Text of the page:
The global art market is about to burst, experts say.
After closely studying over a million auction records from the past four decades, researchers at the University of Luxembourg suggest the global art market is about to burst.
The authors of the Luxembourg report conclude that conditions are ripe for a "severe correction," particularly in the post-war and contemporary, American, and Old Masters categories.
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The study, released earlier this month, indicates the bubble is in the "mania phase" of its formation, which started in late 2011.
A similar warning was raised last February from renowned "Dr. Doom" economist, Nouriel Roubini.
In a sent to his clients last Febriary, Roubini also warned the $70 billion art world was "ripe for overheating."
"There is a lack of a fundamental pricing model for art. "This lack of a fundamental pricing model means that art is subject to fads, fashions, manias—and potentially bubbles. (Markets sometimes run into major challenges even when assets have fundamental pricing models—let alone without them."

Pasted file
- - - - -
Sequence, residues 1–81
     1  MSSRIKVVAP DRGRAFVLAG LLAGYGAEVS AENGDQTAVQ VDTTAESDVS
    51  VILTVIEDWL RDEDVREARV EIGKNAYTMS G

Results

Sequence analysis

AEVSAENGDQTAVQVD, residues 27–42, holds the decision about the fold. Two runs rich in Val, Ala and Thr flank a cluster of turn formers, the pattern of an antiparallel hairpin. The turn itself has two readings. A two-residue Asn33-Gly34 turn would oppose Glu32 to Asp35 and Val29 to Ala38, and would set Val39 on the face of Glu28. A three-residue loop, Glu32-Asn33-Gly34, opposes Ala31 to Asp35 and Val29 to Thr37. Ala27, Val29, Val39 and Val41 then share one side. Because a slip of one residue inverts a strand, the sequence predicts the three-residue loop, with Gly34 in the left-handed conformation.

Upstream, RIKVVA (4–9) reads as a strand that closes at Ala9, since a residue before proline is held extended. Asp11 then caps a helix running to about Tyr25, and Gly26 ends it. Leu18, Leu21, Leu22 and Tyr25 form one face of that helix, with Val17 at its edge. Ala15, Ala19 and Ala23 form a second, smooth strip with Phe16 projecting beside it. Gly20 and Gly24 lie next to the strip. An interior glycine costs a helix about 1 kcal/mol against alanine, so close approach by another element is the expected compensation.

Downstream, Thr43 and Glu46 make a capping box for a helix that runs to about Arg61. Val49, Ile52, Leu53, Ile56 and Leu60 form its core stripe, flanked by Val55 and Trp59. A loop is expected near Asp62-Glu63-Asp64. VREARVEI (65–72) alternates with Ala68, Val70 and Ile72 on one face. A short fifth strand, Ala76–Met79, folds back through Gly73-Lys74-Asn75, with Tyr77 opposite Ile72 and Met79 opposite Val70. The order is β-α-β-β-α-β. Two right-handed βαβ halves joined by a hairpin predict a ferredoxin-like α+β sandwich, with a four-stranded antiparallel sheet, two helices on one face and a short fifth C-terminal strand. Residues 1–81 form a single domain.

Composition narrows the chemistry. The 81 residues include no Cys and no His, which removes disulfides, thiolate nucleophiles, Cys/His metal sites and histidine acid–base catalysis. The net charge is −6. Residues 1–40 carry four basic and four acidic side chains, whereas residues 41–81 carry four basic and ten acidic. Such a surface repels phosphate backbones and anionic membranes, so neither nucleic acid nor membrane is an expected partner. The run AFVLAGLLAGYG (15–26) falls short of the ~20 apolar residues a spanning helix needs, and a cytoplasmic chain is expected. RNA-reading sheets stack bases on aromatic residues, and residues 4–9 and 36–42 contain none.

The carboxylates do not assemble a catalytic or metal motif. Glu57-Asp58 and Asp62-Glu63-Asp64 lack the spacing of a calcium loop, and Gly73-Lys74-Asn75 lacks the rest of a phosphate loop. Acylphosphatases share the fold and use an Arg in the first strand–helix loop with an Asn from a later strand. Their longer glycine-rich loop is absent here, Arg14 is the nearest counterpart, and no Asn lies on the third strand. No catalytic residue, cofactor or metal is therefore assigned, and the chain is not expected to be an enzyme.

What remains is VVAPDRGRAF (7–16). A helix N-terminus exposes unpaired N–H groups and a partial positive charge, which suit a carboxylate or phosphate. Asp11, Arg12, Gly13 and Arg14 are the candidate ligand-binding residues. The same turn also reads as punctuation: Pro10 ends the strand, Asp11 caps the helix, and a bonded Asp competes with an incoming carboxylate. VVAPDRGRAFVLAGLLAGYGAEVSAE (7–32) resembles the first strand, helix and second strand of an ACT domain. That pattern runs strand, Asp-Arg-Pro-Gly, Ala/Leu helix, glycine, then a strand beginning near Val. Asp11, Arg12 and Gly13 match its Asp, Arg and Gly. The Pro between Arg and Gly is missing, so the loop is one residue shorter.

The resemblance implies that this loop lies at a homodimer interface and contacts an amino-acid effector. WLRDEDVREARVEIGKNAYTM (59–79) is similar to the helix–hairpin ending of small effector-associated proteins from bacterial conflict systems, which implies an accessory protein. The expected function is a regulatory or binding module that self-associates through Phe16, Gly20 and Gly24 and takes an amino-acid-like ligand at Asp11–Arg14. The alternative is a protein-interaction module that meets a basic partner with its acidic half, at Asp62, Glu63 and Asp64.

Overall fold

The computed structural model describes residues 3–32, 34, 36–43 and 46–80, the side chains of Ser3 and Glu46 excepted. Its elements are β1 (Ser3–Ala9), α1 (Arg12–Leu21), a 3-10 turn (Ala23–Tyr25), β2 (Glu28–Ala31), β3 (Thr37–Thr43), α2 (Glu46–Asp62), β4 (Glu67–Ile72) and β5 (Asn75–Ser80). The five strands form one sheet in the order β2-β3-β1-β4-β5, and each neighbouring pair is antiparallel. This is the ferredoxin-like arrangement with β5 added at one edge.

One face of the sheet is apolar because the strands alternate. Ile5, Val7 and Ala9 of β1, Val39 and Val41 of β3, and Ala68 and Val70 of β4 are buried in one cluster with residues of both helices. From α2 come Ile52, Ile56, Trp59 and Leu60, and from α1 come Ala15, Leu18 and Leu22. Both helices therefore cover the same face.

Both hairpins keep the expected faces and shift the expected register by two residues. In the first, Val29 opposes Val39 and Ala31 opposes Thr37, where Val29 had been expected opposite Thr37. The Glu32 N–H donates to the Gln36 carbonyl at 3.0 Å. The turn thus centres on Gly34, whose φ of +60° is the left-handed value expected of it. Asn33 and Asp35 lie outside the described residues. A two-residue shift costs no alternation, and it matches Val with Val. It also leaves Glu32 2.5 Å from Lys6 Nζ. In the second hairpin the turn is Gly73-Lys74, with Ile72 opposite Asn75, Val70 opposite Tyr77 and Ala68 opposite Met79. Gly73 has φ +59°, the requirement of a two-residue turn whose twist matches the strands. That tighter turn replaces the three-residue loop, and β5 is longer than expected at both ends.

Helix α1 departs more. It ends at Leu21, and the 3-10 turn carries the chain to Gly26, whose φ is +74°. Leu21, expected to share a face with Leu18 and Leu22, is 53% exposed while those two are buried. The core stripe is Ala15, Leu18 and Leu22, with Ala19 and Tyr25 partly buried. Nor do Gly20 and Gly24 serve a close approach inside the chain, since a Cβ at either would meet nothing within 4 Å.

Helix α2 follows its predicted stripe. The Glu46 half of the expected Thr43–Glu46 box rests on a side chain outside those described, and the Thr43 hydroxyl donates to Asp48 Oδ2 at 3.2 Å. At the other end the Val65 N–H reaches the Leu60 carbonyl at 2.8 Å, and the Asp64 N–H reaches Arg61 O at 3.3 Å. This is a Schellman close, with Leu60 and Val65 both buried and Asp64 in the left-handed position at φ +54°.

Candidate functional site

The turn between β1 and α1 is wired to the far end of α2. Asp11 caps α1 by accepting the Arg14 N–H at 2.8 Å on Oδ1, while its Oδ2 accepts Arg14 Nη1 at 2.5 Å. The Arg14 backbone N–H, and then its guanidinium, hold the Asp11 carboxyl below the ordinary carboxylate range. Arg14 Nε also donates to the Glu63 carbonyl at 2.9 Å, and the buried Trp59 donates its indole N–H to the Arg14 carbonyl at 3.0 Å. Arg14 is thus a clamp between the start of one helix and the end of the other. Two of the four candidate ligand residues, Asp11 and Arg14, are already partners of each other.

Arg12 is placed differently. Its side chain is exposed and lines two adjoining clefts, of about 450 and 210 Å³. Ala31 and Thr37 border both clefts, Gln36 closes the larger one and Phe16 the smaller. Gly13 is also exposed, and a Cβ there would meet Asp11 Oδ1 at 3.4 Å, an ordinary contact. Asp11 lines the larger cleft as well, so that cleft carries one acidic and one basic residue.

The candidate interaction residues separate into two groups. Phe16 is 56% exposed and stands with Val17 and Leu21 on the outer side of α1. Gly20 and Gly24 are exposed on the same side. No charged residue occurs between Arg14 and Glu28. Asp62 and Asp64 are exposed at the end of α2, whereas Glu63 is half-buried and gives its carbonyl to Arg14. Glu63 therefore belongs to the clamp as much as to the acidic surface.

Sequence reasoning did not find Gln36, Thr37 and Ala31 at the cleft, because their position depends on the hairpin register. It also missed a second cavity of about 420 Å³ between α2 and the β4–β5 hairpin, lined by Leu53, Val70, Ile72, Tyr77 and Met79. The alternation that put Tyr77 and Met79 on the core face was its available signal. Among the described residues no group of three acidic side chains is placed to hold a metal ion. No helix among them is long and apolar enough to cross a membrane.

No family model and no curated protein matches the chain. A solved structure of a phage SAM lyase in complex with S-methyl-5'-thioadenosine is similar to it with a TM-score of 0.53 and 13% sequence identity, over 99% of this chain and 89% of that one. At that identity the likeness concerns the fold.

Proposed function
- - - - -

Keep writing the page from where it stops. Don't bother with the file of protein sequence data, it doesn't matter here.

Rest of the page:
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Doom and gloom predictions aside, recent sales, including Christie's auction of Pablo Picasso's 1955 painting Les Femmes d'Alger for a record $179.4m, seem to indicate a rather robust art market still at play.
In 2015, global art sales hit a record led by collectors in the U.S., Europe.
Christie's and Sotheby's sold a collective $3.7 billion last year, with postwar and contemporary art comprising nearly 50 percent of all sales by value.